5 things university students want parents to relax about

A university student explains why you shouldn't worry about these tricky situations.

By Jacqueline To

Grades & drugs
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It must be hard to see your child leave for university. As a parent, you want to watch over every step of their life, packing their lunch boxes, teaching them important life lessons and making sure they stay out of trouble. Eventually, your child will mature and it is his or her responsibility to take care of themselves and decide right from wrong.

Pre-parenthood, you probably had to deal with bad influences of your own. In university or college, teenagers may drink, smoke and encounter the same experiences as you. Do you remember having your first drink at a party? As a university student, I have seen first-hand how many students vow to never drink again after a night out.

We students make mistakes and learn from them, just like you have. Learning from our experiences is a part of life. This allows us to become more responsible and mature and prepares us for future decisions. So relax mom and dad, your children are not the stereotypical teenagers you see on television, but are real people that have their own values, responsibilities and goals.

Here are 5 things your kids want you to relax about.

1. 
"Stop getting mad because I got a B-. You're stressing me out!"
Unlike the ones you’ve grown used to seeing throughout your child’s time at high school, university marks can be quite different. If your child is living away from home, they will not have anyone addressing their time management skills, and will have to manage their time on their own.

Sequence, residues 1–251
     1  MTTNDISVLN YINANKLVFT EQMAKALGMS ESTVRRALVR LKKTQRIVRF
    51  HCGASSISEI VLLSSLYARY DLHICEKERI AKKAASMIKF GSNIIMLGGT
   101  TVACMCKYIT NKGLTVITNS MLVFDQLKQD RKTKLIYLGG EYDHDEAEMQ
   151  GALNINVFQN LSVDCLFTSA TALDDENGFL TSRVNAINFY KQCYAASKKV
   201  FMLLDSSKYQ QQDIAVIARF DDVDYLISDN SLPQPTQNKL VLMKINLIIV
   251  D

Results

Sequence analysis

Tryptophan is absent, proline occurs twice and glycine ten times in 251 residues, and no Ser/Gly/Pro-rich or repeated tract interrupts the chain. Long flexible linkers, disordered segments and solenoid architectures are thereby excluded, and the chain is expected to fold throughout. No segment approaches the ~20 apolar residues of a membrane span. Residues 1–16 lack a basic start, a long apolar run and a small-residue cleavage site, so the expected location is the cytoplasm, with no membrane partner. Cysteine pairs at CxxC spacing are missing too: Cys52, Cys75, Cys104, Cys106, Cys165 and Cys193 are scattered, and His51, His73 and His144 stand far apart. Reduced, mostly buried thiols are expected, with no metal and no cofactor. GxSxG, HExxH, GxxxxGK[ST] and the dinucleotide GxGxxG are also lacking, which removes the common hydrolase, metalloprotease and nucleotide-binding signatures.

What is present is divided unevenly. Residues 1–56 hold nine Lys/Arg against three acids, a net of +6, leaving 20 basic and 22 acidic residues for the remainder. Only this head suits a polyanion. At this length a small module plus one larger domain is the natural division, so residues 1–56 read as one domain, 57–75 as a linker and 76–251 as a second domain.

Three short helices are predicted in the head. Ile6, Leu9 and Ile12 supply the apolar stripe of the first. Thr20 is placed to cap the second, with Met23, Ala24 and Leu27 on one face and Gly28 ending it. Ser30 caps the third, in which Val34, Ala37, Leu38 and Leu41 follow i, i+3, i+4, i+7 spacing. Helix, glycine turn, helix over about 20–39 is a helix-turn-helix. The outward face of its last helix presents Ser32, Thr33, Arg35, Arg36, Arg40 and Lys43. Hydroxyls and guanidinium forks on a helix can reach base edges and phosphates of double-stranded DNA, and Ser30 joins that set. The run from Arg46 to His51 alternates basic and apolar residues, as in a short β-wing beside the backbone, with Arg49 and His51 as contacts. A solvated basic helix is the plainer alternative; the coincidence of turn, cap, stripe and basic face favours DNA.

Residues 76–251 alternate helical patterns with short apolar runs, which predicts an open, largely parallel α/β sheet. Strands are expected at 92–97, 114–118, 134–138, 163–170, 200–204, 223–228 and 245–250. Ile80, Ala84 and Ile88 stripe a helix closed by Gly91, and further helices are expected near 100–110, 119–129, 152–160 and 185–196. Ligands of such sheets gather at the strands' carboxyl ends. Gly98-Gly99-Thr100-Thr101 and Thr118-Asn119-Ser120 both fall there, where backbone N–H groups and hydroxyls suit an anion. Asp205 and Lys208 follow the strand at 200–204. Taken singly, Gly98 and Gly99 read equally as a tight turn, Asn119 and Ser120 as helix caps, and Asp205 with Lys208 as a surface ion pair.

Many first-year students find themselves with lower-than-expected grades because they have not adjusted to university life. The work effort that resulted in an A grade in high school can become a B (or even lower) in university. After first year, students usually adjust to their independent environment, but this doesn't mean they will receive a better marks.

Though they may have given all their effort, the professor may not have liked their work and with many courses, the grade you receive may not always reflect the amount of effort and time spent on an assignment. Fine art paintings and English opinion pieces are great examples of how marks alone cannot truly judge a piece of work. When your child has put forth their best effort, it is an achievement to them whether or not they received a high mark.

2. 
"Don't worry mom, we're not smoking pot everyday."
In 2007, the Center for Addiction and Mental Health Ontario reported a major decrease in drug use among teens since 1999. Adolescent marijuana use has dropped from 32 per cent to 29 per cent, hallucinogens from 13 to six per cent, and surprisingly, smoking cigarettes has decreased from 28 to 12 per cent.

Students who come across marijuana and other drugs during their first year may experiment with them once or twice, but not all always. I have seen some first-year students declining the offer of a joint during frosh week. If a student does not want to be involved in a certain activity, they generally have no problem declining it. Curiosity is a way to experience life lessons. Despite a student's experimentation with drugs, they still have priorities to look after and goals to accomplish.

Page 1 of 2 -- Learn more about teens and drinking on page 2


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